Yes, official firmware 72.70 has the settings numbered 38 and 32 that you mentioned. It also still has the charge bug and a few other limitations, so our patched firmware such as 72.70b and soon 72.70C has all the features of official firmware 72.70, the charge bug fixed, and several other goodies.
The link search just 72.70?
It used to be easy to find firmware files with a simple search, but for whatever reason the manufacturer is not releasing them widely any more. You can follow the links in the index in the first post of this topic to find official and patched firmware files.
Congrats. on getting the blown PIP [fixed] up ..at last!! I wish I had known about that lousy track when I had my PIP in bits for cap replacement.
Might be good to have a pic of where that track is ..
Actually, it wasn't a bad PCB track that was the problem, it was carbonising between copper tracks. Weber has added a link to this Wikipedia article, where it says:

"Tracking is an electrical breakdown on the surface of an insulating material wherein an initial exposure to heat chars the material, and the char is more conductive than the original insulator, producing more current flow, more heat, and eventually complete failure."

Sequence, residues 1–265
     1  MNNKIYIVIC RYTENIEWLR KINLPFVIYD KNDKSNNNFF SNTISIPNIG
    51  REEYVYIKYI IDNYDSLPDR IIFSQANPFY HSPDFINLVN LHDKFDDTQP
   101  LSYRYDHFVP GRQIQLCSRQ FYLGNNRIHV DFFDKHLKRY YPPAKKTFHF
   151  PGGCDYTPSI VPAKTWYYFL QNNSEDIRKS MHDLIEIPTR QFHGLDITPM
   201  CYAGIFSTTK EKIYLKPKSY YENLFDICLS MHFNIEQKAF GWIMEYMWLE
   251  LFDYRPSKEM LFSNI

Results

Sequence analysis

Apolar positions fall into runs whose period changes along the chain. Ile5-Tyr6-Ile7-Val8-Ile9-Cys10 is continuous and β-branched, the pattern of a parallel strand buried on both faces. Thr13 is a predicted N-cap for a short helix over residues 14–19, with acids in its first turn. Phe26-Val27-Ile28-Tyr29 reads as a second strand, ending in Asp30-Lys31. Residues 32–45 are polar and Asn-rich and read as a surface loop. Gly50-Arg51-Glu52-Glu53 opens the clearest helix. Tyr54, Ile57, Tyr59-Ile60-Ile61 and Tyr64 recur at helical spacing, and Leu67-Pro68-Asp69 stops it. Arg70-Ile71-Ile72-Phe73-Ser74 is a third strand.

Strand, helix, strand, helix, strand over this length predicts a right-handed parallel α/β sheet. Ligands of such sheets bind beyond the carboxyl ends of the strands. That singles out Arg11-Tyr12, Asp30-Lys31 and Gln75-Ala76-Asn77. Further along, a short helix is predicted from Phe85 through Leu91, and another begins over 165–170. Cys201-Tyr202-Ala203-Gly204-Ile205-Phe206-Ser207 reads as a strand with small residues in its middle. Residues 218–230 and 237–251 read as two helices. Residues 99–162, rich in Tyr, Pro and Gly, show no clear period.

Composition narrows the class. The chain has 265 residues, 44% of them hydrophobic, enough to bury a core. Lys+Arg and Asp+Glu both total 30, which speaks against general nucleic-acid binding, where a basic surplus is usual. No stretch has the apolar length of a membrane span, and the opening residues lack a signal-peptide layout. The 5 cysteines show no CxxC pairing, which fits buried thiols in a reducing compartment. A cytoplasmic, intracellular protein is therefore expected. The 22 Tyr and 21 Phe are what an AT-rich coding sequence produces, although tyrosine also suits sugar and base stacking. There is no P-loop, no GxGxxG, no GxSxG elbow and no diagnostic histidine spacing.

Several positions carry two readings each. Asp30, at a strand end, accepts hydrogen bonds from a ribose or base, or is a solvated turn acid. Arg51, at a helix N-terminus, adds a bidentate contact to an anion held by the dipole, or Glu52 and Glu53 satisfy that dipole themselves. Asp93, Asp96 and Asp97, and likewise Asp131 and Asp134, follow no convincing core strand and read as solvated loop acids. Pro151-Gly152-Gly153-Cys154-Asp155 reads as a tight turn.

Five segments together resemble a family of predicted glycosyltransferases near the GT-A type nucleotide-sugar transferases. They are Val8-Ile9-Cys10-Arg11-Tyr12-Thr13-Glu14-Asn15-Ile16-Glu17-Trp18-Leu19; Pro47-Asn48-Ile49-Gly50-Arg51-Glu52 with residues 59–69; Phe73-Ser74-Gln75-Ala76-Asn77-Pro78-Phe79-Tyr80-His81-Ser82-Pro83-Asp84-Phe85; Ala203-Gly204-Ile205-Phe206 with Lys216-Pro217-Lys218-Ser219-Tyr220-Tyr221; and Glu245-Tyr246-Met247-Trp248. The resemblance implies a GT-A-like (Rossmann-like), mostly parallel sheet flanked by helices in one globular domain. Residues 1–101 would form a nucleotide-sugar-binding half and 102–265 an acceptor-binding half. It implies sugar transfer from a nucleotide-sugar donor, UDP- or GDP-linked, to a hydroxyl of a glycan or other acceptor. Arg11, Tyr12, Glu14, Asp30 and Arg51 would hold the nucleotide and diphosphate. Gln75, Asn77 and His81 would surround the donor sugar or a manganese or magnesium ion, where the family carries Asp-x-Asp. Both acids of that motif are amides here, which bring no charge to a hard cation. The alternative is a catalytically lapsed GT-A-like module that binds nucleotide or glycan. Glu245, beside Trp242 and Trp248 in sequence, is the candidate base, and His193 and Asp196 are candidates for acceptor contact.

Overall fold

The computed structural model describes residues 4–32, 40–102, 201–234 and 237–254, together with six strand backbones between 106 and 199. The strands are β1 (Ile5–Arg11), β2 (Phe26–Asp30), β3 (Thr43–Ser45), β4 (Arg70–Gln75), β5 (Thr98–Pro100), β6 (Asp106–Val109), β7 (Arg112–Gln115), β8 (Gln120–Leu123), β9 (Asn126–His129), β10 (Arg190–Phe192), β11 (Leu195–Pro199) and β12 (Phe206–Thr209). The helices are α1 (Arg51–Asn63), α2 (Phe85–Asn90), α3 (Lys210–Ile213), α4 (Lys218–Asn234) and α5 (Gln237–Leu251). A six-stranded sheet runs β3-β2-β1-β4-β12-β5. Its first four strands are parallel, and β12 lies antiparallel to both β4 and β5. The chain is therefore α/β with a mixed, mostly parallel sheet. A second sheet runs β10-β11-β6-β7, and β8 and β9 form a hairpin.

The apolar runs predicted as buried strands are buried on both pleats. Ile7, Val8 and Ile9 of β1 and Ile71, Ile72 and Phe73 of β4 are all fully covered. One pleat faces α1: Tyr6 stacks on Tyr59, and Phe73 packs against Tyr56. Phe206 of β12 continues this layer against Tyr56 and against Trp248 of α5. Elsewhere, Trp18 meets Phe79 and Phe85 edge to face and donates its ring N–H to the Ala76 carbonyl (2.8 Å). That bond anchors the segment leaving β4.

The insulating material here is obviously the fibreglass to which the copper tracks of the Printed Circuit Board adhere.
Nissan Leaf 2012 with new battery May 2019.
5650 W solar, 2xPIP-4048MS inverters, 16 kWh battery.
1.4 kW solar with 1.2 kW Latronics inverter and FIT.
160 W solar, 2.5 kWh 24 V battery for lights.
Patching PIP-4048/5048 inverter-chargers.

Howard
Noobie
Posts: 11
Joined: Fri, 24 Mar 2017, 16:29
Real Name: Howard Nutt
Location: EPPING
Contact:

Re: PIP inverter repairs and hardware modifications

Post by Howard » Tue, 28 Nov 2017, 12:12

Hi Coulomb,

All good Installed 72.70b with thanks.No issues ..still prayed!
Setting 38 now available for N earth.
Not sure how setting 32 works ..? I set 32 to 10mins?
Is the Post by you 24th Feb2017ad latest and easiest to understand on absorption/ BC process,setting etc ?

Thanks for info on o/heat issue fiberglass ..Do we know whether this has been modded?

Best ,
H

User avatar
weber
Site Admin
Posts: 2601
Joined: Fri, 23 Jan 2009, 17:27
Real Name: Dave Keenan
Location: Brisbane
Contact:

Re: PIP inverter repairs and hardware modifications

Post by weber » Tue, 28 Nov 2017, 12:34

Hi Howard,
I checked, and 2.5 mm is enough creepage distance for 400 V when conformally coated. So the original trigger for the carbon tracking I saw, was most likely a one off event, such as the soldering iron tip accidentally being dragged across the epoxy surface of the printed circuit board between the IGBT's gate and drain pads, during assembly. So it isn't something you need to worry about.
One of the fathers of MeXy the electric MX-5, along with Coulomb and Newton (Jeff Owen).

Howard
Noobie